Thursday, April 28, 2005

What I bought - 27 April 2005

Weird, wild stuff below this post, kids - if you haven't been here in a few days, it's an interesting tour through comic book history. Read and soak up the knowledge! (No, I didn't write it, so I'm not pimping my own stuff.)

Let's get to the floppies!

Containment #4 by Eric Red and Nick Stakal
$3.99, IDW

I have only bought one trade paperback from IDW, so I'm a little confused about their pricing guidelines. This is a five-issue mini-series that will read a whole heck of a lot better as a trade (and I recommend you get the trade, because it's a neat series), but I don't know how much that trade will cost. The five issues separately will cost $20, so if the trade costs less, what's the point of bringing out each individual issue? I just don't know. It's just a weird pricing scheme they have going on. Anyway, despite this ripping off any number of science fiction and horror ideas, it's still a good read. Horrific, a little disturbing, grisly, and tense. It would actually make a pretty good movie. Buy the trade.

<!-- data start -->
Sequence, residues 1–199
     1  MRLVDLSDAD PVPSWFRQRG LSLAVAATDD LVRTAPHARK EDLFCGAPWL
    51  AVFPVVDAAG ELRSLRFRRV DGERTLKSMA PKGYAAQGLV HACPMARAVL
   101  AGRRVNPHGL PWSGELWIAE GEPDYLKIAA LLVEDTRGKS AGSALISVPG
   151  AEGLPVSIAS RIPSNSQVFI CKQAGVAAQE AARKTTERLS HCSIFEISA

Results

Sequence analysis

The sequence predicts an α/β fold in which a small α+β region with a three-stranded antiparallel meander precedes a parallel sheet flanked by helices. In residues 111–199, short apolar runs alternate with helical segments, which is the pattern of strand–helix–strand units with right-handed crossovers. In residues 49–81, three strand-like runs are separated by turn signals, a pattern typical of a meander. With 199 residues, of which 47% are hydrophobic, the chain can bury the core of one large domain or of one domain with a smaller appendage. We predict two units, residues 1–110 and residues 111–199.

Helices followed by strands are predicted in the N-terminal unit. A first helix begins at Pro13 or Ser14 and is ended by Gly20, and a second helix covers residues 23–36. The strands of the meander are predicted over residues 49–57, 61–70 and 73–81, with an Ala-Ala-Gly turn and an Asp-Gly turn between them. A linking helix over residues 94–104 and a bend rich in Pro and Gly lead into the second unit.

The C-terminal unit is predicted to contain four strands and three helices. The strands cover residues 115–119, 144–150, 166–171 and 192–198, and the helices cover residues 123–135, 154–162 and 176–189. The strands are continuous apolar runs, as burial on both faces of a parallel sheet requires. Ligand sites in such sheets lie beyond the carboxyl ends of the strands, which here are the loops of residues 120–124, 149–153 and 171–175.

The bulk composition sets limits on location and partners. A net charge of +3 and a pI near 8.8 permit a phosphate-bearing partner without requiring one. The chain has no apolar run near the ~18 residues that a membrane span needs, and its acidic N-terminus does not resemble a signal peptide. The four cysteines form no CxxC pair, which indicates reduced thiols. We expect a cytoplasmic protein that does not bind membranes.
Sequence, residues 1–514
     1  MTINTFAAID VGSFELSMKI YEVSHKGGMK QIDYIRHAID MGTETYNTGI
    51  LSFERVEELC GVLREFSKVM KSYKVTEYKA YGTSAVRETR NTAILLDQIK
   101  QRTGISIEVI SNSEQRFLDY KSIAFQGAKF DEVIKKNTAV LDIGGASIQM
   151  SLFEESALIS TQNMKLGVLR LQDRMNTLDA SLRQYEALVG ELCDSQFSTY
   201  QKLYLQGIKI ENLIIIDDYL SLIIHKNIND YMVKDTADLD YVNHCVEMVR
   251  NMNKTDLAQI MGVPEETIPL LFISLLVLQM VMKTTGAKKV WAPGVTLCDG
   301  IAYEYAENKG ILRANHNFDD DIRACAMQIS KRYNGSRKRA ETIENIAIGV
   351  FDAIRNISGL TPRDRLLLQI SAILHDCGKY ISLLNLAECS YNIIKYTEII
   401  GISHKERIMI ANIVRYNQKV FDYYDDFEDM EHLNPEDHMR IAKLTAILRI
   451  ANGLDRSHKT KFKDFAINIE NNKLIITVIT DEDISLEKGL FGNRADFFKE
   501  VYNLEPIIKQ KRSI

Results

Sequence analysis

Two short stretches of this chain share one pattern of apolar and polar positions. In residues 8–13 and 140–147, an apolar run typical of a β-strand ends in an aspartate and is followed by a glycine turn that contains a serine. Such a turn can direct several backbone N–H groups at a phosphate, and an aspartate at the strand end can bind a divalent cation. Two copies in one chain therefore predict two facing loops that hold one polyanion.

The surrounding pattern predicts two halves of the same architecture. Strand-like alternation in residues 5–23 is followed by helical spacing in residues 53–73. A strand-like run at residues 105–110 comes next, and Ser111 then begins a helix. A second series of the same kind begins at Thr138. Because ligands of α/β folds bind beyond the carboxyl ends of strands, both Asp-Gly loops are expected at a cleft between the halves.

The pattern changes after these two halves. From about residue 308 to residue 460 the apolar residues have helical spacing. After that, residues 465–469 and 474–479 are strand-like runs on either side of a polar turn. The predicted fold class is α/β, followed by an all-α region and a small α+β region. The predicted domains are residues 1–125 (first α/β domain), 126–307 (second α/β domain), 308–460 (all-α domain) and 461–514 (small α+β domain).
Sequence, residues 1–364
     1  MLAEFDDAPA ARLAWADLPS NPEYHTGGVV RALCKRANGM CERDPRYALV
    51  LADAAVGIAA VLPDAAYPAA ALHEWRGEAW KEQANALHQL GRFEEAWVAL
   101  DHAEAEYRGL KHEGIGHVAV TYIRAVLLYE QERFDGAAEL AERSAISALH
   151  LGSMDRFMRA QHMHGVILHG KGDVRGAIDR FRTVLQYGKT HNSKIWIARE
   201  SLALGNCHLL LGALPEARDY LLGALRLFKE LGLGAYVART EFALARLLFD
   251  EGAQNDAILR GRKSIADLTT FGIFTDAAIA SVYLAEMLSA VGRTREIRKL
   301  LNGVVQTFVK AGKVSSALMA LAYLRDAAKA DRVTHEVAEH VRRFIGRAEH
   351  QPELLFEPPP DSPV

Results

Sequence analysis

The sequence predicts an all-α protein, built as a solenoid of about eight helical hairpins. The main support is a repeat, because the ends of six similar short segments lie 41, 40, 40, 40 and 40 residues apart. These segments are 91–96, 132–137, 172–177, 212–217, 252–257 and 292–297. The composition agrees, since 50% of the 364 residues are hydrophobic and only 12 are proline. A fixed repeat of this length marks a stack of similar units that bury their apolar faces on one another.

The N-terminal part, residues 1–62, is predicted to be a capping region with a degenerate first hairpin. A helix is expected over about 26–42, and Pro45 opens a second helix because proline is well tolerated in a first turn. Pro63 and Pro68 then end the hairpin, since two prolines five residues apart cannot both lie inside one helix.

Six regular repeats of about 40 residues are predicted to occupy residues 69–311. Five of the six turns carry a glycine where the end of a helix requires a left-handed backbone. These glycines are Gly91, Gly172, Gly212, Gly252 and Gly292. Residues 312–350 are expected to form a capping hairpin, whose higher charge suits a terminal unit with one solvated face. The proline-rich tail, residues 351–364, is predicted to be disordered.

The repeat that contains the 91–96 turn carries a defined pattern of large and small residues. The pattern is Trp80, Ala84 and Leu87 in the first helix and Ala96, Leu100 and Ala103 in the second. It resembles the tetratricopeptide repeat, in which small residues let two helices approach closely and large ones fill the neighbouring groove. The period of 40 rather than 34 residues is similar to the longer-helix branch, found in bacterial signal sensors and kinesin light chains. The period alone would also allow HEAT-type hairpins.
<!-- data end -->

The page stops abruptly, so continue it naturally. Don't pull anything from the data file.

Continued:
Daredevil #72 by Brian Michael Bendis and Alex Maleev
$2.99, Marvel

Sigh. Just when I praise a Daredevil comic to the skies, we get this. I mean, it's a decent little story on its own, but I don't understand how it fits into the grander scheme of things. I don't mind that neither Daredevil nor Matt Murdock even appears in the comic (sorry, he does - on one panel, in the background), but it doesn't seem to have much to do with the whole "what happened while Murdock was Kingpin" story. I mean, the support group is about how these people are dealing with when Matt Murdock was Kingpin, but then we get a story that doesn't seem to have any connection to that at all, plus it's overly talky in the annoying way that Bendis occasionally has. When he's done the overly talky thing in Daredevil in the past, it's usually to advance the story a bit and it's mitigated by the other good stuff happening in the book, but here, that's all there is. I just wonder how it's going to tie into everything else. This is actually the first issue in Bendis's long run where I have thought it would be better to wait for the trade. That annoys me.

Easy Way by Christopher E. Long and Andy Kuhn
$3.99, IDW